A Note from Dr. Sylvia Spears, May 2016

The end of the spring semester is often a time of great celebration. We have survived yet another academic year. We have watched our seniors and graduate students make their way through their final exams, projects, and capstones. We have congratulated newly promoted faculty. We have thanked staff for their hard work throughout the year. And finally, we have come together at Commencement as a community to officially send our students off into the next phase of their lives. After a few days or weeks, we will settle into a leisurely period of reflection, when we have the space and time to consider what we have accomplished over the course of the spring and fall semesters.


This year, while riding the shuttle bus back to campus after a very long day at both the undergraduate and graduate Commencement ceremonies, I was unexpectedly jolted into reflection. A colleague who I greatly admire and respect asked me one very simple question. “Sylvia, please tell me that we have made progress on diversity and inclusion this year,” he said with a mixture of hope and desperation in his voice.


Those of you who know me, know it is rare for me to be at a total loss for words. Yet, I was in that moment. The air seemed to thicken as my colleague waited in anticipation of my answer. Time seemed to slow as I searched for the right words, words I could be sure were grounded in truth and not warmed by aspiration or desire. I finally responded, “We have made some progress in some areas, and not made much progress in some other areas.”


I further explained that the work many of us have been focusing on this year reaches deeply into the center of the College. Our work has not been about symbolic gestures that mask hollow actions or about the performance of the kind of diversity work that begins and ends with touristy celebrations of cultural differences. Much of our collective diversity work has raised questions about the very core of the College’s educational mission and how we fulfill that mission.


As a system, we are in the midst of a seismic organizational effort that seeks to change the culture of the College toward more inclusive practices in all areas. With any effort of this nature comes resistance. This is simply how institutional systems function.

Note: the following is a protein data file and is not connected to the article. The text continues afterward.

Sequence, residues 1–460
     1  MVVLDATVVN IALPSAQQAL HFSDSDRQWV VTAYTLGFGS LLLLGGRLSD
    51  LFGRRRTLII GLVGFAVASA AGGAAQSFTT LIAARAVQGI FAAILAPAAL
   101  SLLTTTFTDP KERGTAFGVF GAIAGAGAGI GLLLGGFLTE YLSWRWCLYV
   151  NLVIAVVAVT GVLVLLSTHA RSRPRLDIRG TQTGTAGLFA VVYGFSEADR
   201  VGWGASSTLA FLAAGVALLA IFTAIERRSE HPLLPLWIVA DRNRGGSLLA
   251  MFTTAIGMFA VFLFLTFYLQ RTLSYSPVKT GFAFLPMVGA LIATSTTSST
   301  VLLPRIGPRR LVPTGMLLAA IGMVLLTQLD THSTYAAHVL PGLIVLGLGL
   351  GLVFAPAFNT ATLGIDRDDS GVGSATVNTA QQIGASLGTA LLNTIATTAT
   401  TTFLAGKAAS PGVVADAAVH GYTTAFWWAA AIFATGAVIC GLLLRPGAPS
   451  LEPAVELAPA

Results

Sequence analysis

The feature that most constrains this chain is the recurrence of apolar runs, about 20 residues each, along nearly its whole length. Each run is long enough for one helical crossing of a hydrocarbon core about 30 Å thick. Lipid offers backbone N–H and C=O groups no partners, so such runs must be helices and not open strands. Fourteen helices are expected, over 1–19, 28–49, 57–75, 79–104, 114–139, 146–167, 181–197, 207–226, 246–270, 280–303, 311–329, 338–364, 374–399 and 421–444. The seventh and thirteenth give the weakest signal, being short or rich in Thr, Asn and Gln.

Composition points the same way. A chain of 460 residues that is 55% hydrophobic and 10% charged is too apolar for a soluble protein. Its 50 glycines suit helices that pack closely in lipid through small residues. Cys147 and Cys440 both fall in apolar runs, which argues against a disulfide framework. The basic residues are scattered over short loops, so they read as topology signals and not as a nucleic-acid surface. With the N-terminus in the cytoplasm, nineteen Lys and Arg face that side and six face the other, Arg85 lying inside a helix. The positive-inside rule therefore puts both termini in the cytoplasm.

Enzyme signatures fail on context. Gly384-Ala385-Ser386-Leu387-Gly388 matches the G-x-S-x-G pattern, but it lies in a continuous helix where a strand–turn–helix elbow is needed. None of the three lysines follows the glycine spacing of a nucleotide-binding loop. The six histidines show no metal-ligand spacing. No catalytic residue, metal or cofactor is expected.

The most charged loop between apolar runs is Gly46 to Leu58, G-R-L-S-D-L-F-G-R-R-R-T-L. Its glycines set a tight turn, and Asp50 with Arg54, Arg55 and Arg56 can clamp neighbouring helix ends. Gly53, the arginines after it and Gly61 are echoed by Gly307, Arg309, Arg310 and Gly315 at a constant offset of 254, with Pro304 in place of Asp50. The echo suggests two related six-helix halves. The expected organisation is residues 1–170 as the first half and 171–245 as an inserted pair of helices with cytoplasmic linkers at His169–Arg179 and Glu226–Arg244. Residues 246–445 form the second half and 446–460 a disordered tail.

No matter how committed members of our Community may be to the ideals of diversity and inclusion, this kind of change produces tension and anxiety. On an individual level, it can create a conflict between the desire for change and the need to maintain personal comfort. Yet without making our way through this discomfort, there will be no change.


Despite the presence of well-intended people, some members our community – just like any other community – may lean away from real change and seek comfort in smaller changes that don’t rock the boat. Another way to think about this is to “see change as valuable…as long as it doesn’t mean I have to change or do anything differently.” Embedded in this notion is a belief that change should occur around us but not by us. A commitment to Inclusive Excellence means rolling up our sleeves and facing change head on with the courage and commitment to sit through our own discomfort and still press forward. It means letting go of the very structures we may have helped to create because there may now be a better way to accomplish our goals.


All systems are perfectly aligned to obtain the results that they do. Unless we change what we do, the system will continue to perpetuate the status quo. We must press through our own resistance, the resistance of others, and the resistance embedded in the very structures in which we work, learn, and live. We must press forward as if our humanity depends on it because it does.





Rebecca Rozenberg